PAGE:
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prancstaman
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prancstaman

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PostSubject: Re: Homemade tools and stuff from junk laying around   Homemade tools and stuff from junk laying around - Page 5 Icon_minitimeSun Mar 15, 2020 8:30 pm

@RichieRichOverdrive Oh, OK. I was asking because we had something in school that did the same thing. It was a magnaflux machine used to find cracks in parts. and after you tested the magnetized part, you had to demagnetize the part. You had to do it a certain way too and the last step was walking away from the machine till it turned off and that is how you knew the part was demagnetized.

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RichieRichOverdrive
DimeWeld
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PostSubject: Re: Homemade tools and stuff from junk laying around   Homemade tools and stuff from junk laying around - Page 5 Icon_minitimeSun Mar 15, 2020 8:42 pm

That's interesting. I don't really know much about the theory of it. I just have the magnets in reversing polarities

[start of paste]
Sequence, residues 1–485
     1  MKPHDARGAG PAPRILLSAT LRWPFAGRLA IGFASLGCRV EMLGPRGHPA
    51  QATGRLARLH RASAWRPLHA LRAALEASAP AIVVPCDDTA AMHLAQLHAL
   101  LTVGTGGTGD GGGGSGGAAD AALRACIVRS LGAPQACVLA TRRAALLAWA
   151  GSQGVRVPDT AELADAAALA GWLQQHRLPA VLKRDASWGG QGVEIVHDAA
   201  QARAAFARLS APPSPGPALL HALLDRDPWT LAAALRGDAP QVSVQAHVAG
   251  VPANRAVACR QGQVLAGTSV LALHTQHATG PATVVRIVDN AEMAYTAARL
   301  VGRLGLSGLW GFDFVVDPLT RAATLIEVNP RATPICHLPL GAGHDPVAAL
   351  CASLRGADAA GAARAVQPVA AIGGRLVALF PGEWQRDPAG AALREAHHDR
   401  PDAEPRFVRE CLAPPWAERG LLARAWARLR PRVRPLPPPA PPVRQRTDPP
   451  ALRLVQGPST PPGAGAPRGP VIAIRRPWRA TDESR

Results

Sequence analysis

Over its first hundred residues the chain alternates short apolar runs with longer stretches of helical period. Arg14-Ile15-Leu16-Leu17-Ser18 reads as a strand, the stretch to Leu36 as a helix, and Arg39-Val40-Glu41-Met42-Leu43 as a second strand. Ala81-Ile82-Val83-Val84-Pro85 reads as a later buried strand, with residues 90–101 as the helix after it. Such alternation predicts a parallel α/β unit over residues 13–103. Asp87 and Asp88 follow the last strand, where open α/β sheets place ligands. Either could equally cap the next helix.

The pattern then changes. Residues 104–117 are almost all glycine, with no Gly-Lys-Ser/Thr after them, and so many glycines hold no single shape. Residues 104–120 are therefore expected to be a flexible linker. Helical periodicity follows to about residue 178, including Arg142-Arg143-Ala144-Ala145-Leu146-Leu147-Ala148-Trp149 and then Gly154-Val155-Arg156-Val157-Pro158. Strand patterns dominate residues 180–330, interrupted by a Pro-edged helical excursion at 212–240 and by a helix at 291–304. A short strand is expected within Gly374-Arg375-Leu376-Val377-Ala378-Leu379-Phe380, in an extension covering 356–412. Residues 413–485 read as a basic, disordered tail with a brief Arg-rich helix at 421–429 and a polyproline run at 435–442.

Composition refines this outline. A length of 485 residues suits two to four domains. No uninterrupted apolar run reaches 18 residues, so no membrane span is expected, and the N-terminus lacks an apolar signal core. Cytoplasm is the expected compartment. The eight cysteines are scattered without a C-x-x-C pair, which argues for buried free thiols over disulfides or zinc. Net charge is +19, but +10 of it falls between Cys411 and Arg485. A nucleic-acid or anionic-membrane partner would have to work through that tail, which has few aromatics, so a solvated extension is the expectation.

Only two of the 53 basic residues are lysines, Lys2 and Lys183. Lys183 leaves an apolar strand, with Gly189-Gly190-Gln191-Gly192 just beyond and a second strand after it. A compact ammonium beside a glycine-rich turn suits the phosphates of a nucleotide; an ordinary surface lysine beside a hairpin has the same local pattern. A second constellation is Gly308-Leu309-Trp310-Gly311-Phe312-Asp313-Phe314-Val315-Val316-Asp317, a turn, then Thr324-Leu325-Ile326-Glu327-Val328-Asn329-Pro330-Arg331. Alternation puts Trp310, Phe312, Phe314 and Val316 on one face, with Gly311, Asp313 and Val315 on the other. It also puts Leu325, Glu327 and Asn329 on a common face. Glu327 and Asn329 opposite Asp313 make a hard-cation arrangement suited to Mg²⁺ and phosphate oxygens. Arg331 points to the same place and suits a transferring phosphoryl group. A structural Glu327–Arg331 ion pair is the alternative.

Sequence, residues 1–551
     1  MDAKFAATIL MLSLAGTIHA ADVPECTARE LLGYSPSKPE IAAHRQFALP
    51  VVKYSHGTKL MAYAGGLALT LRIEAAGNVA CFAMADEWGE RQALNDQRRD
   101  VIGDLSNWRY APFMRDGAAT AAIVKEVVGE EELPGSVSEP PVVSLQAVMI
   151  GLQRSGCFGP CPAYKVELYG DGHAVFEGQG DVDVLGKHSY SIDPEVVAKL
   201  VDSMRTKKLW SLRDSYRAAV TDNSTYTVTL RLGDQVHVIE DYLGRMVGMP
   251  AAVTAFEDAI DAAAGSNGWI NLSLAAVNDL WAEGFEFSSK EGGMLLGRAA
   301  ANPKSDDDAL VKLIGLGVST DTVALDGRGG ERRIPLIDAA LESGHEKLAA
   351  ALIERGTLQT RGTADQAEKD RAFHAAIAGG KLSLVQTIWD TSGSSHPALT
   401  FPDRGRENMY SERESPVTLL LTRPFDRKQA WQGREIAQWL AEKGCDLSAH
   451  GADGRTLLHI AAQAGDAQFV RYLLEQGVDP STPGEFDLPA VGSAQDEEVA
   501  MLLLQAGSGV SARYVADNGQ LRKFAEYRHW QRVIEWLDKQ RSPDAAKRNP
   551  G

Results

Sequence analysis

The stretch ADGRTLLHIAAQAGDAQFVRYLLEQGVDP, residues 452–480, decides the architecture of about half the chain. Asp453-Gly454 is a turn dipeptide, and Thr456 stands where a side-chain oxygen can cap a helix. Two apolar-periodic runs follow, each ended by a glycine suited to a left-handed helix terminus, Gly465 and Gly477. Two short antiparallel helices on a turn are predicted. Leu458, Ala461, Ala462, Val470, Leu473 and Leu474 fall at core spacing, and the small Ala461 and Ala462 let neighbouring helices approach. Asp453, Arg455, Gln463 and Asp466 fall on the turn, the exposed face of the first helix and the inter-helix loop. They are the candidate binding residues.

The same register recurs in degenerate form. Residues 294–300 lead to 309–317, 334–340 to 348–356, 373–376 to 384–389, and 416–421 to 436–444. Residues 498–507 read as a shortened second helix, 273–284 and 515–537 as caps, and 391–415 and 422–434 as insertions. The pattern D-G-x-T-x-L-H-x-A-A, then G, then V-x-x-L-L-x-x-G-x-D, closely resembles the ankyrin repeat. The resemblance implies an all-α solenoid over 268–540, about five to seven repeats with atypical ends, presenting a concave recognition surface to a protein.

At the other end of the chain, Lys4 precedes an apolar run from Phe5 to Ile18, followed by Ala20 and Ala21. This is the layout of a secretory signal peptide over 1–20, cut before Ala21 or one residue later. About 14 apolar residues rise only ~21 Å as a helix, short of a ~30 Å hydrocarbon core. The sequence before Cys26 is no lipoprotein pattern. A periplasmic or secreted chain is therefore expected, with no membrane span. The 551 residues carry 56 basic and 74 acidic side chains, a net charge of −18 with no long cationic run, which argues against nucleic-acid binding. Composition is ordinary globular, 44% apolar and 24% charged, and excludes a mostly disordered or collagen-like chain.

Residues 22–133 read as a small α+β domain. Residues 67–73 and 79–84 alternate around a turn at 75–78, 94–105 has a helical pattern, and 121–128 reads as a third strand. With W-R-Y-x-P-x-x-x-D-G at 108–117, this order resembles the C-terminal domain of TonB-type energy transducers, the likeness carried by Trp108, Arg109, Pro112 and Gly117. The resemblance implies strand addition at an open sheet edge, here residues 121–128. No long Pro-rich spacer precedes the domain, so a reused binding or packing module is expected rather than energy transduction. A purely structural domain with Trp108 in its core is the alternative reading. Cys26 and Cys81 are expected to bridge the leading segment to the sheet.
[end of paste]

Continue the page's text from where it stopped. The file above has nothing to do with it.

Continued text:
A pic of my setup for drilling the magnet holes. I don't think this is how the lathe or indexer were really intended to be used, but it works lol.
Homemade tools and stuff from junk laying around - Page 5 Kimg1411
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prancstaman
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prancstaman

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PostSubject: Behind the 8 Ball Steel Roller part 9, the conclusion   Homemade tools and stuff from junk laying around - Page 5 Icon_minitimeSat Mar 21, 2020 9:22 pm

Hay People,
Last post on this tool, before I actually use it for my projects. Pretty much a test run on it to see how it works. Thought it would be a good idea to test it that way I know what to expect, Quite surprising for me actually, on using it. So, I can come up with a game plan and don't waste metal and money.

I'll be testing it on the same piece of metal I used after finishing it. The 1/2 inch wide, 1/8 inch thick flat steel stock. I just bent it flat to reuse it, LOL.
So, right off the bat, the first problem to fix is after the metal is rolled in a small enough circle, the outer roller pops out, LOL.
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Easy fix. I was thinking to use steel wire but then I would have to replace it every time I change the rollers. I figured I will use hose clamps then. I got enough of them and they were free. I'll use 2 per roller bearing side, for a total of 8 hose clamps. Using 2 to hold the bearing in place makes them really adjustable when clamping something.